100 Million Years Of Food Summary By Stephen Le

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100 Million Years of Food is an exploration into the evolution of food and eating behaviors throughout our history.

This book takes readers on a journey, starting from prehistory to our modern day diet and lifestyle.

Author Stephen Le examines the major scientific discoveries that helped shape our dietary habits and provides valuable insight into how these changes have impacted our health.

You'll also discover critical tips for navigating a nutritious diet that works well with your lifestyle.

Whether you're a nutrition or paleo enthusiast or just interested in learning about food trends, this book can help you make informed decisions about what to eat for maximum health and wellbeing!

100 Million Years Of Food

Book Name: 100 Million Years Of Food (What Our Ancestors Ate and Why It Matters Today)

Author(s): Stephen Le

Rating: 3.9/5

Reading Time: 17 Minutes

Categories: Health & Nutrition

Author Bio

Stephen Le is a well-renowned professor of Biology and holds a PhD in biological anthropology from UCLA.

As a professor at the University of Ottawa, he has gained immense knowledge on the subject matter and his expertise has been exemplified through his number one bestseller: 100 Million Years Of Food.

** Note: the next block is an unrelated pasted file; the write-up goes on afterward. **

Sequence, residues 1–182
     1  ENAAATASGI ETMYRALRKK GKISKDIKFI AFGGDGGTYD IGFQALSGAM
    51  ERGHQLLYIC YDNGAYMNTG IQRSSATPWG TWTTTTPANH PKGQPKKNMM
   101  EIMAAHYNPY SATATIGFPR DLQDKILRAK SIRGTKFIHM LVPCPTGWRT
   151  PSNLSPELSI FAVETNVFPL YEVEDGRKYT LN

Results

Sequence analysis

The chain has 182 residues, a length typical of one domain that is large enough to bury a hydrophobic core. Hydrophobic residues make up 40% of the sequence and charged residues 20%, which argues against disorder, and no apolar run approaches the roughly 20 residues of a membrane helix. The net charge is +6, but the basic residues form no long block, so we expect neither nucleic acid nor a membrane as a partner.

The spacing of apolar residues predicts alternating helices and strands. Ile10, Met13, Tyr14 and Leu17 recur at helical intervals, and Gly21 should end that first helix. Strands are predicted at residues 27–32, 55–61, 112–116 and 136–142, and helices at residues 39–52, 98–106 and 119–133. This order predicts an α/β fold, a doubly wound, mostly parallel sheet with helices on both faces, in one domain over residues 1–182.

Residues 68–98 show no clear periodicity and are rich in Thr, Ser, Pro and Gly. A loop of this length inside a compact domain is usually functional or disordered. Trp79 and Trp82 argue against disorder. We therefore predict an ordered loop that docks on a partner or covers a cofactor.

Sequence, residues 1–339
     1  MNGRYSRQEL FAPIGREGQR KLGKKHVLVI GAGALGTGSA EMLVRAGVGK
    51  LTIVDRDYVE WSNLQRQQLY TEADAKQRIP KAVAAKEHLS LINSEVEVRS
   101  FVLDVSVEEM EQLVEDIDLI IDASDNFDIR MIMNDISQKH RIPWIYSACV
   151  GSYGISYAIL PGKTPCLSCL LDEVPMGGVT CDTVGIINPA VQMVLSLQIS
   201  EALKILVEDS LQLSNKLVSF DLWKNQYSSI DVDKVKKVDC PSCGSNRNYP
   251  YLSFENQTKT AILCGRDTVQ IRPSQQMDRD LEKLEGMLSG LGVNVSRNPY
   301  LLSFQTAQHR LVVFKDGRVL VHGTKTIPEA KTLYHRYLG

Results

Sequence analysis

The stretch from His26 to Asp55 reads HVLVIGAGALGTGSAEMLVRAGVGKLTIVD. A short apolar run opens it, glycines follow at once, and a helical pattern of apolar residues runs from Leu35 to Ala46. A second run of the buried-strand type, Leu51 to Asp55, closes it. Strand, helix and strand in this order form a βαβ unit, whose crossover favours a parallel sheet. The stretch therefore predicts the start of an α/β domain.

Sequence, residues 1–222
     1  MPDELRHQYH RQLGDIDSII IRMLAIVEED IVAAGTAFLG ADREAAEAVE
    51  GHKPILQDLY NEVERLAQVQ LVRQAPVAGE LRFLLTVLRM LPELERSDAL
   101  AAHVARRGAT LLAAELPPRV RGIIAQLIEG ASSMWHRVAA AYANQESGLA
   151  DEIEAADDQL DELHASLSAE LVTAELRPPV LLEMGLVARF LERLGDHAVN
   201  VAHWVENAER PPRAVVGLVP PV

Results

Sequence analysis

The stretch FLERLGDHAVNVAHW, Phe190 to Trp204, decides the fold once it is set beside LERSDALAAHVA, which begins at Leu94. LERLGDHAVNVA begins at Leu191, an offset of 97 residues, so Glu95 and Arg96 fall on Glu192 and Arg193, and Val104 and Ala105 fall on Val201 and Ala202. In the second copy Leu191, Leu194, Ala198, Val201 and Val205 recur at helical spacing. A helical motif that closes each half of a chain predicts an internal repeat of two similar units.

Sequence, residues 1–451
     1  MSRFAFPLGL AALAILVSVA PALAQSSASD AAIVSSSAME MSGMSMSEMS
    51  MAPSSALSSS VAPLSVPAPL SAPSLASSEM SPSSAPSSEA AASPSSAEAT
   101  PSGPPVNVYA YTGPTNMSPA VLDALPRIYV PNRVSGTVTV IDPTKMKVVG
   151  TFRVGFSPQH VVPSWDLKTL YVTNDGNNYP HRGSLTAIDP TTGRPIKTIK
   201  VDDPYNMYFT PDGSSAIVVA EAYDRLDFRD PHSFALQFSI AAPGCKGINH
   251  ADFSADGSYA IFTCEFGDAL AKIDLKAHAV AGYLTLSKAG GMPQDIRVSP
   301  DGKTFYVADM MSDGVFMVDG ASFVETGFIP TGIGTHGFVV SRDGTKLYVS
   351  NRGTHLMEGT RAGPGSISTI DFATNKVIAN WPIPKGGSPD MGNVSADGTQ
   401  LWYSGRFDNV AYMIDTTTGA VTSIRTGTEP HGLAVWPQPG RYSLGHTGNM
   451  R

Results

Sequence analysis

This captivating book not only examines the history and evolution of food, but it also delves into the nuances of what was eaten, how our bodies react to certain ingredients, and why some vegetables, fruits and animals are now extinct or difficult to find today.

With an incredible amount of research put into this work, Stephen Le's book clearly stands out from others in its class.

Exploring Human Evolution to Figure Out What We Should Be Eating Today

Human Evolution

Throughout our long and complicated history with food, there have been many lessons we should have learned.

Unfortunately, due to industrialization and the introduction of processed and easily accessible foods, much of this knowledge has been lost.

It’s time to look back 100 million years to understand why humans developed the dietary patterns that they did, and how those habits can apply to us today.

From tree-dwelling ancestors adapting to changing environments due to climate or resources, to trends of wealthy populations becoming sicker than their poorer peers, this journey of discovery aims to educate us on exactly what it is that is wrong with our current eating habits– and how we can begin to make improvements.

Delve into the now-lost secrets of forgotten ancestors for tips on why you should incorporate bugs into your diet every now and then; learn more about a mysterious illness brought upon by luxury lifestyles; find out why dairy products are not as “healthy” as once thought–all so you can start making positive choices for a healthier life!

Evolution Has Gifted Us with a Variety of Food Choices, but We Must Use Them Wisely

The diet choices of our earliest ancestors, who lived approximately 100 million years ago, wouldn’t be suitable for us if we were to try and emulate it today.